Courtesy of Mish.
France has encouraged Spain to apply for aid as soon as possible. In Germany, Wolfgang Schäuble wants anything but a timely application.
Note that unless a country requests a bailout, and agrees to terms set by the IMF (something Spain does not want to do), the entire OMT plan of Draghi is useless.
On September 12, José Manuel Barroso, European Commission president unveiled his European banking union proposal with a goal of having it approved by December.
All 27 EU member states have a veto on Barroso’s plan, not just the eurozone countries.
Numerous EU Ministers At Odds Over Banking Union
The odds of approval by December are zero percent given battles between eurozone and non-eurozone countries erupted over the banking union erupted in Cyprus at an EU meeting on Saturday.
Germany, Sweden, Poland and the Netherlands called for a more “realistic” negotiating timetable to resolve the problems, suggesting talks will run into 2013. Anders Borg, Sweden’s finance minister, said it was “undecidable and not acceptable” to aim for a deal by the end of the year.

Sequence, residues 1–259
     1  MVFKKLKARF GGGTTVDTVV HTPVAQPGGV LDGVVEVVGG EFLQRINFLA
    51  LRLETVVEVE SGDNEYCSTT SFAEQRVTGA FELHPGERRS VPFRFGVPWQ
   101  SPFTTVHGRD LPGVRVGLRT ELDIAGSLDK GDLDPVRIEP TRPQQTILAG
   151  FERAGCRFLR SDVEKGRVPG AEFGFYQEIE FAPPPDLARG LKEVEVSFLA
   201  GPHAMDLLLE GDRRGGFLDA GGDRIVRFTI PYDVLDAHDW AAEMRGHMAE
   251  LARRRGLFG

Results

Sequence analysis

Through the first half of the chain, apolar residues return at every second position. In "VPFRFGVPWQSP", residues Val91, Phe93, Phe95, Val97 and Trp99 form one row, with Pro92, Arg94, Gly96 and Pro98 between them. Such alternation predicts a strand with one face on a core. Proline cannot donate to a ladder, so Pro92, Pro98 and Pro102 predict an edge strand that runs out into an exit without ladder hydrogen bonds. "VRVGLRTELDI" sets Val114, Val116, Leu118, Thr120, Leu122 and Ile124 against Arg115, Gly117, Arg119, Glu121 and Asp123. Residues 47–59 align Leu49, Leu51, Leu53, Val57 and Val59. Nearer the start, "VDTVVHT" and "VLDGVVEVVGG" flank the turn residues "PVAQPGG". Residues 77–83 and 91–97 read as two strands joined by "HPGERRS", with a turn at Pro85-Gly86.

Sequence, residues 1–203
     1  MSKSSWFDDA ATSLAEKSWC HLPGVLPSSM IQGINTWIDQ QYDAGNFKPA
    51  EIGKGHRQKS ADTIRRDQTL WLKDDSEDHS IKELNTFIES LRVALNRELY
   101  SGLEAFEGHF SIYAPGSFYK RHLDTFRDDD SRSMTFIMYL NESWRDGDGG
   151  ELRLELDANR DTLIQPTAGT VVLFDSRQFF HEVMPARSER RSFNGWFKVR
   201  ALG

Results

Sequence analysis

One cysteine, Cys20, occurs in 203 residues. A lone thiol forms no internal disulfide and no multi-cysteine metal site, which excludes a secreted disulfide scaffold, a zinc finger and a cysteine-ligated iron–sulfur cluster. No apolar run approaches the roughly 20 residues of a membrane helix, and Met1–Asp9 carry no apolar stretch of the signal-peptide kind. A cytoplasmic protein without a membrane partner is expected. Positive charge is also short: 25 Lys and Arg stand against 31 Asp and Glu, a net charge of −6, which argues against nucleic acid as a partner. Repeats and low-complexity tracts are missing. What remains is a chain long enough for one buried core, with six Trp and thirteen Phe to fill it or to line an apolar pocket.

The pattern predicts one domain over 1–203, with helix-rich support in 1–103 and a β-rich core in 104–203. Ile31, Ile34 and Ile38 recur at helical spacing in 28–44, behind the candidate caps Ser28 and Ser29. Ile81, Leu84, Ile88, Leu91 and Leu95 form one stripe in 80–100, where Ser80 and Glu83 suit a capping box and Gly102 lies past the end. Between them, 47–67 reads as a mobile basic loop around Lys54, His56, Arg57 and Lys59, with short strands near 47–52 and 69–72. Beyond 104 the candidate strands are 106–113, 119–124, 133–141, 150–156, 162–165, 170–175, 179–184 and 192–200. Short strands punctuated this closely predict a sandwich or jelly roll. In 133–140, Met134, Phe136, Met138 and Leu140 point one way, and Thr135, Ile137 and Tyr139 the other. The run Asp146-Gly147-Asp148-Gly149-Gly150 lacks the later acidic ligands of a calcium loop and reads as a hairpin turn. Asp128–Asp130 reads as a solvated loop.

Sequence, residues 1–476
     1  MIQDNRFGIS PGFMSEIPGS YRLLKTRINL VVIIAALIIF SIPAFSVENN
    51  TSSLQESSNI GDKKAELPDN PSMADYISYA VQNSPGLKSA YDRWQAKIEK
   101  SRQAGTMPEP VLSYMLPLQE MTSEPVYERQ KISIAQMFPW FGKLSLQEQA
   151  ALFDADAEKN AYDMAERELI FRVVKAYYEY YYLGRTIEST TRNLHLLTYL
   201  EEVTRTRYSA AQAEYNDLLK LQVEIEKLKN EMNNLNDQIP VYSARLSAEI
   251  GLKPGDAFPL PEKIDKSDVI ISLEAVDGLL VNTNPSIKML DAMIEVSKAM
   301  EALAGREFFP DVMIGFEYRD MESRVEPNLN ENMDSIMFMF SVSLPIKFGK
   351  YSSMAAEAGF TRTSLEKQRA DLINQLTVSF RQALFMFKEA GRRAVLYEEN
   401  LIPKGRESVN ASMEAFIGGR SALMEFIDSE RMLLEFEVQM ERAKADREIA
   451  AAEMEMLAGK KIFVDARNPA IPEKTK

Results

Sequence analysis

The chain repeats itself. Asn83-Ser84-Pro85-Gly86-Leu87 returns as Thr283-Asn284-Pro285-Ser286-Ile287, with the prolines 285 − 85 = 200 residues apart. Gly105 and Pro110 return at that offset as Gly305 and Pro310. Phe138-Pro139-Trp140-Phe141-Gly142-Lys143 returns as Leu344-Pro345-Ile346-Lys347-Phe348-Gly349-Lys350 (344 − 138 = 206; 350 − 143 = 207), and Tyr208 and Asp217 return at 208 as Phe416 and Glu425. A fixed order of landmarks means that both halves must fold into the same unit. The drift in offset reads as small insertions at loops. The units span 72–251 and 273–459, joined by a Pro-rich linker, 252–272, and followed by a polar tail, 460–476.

Germany is in favour of the ECB having some responsibility for monitoring big financial institutions, but is resisting the broad scope and high degree of centralisation proposed by the European Commission.
Germany also objects to what it says is hasty implementation, with the ECB taking over supervision for all banks by 2014.
After the meeting Wolfgang Schäuble, the German finance ministers, threw out a further complication by demanding a pan-eurozone stress test for banks before supervision is passed to the ECB.
This step-by-step approach is at odds with France, which is pressing for the eurozone to move rapidly towards a centralised system for supervising all 6,000 lenders in the single currency area.
Sweden, Poland and the UK are concerned about the legal anomaly of the European Banking Authority being unable to impose binding decisions on the ECB, while it could force sovereign states to comply when it adjudicates in a dispute. The commission argues that, in the rare event of the ECB failing to comply voluntarily, banks would be bound to comply with EBA decisions.
Battle Brews Between Germany and France Over Spain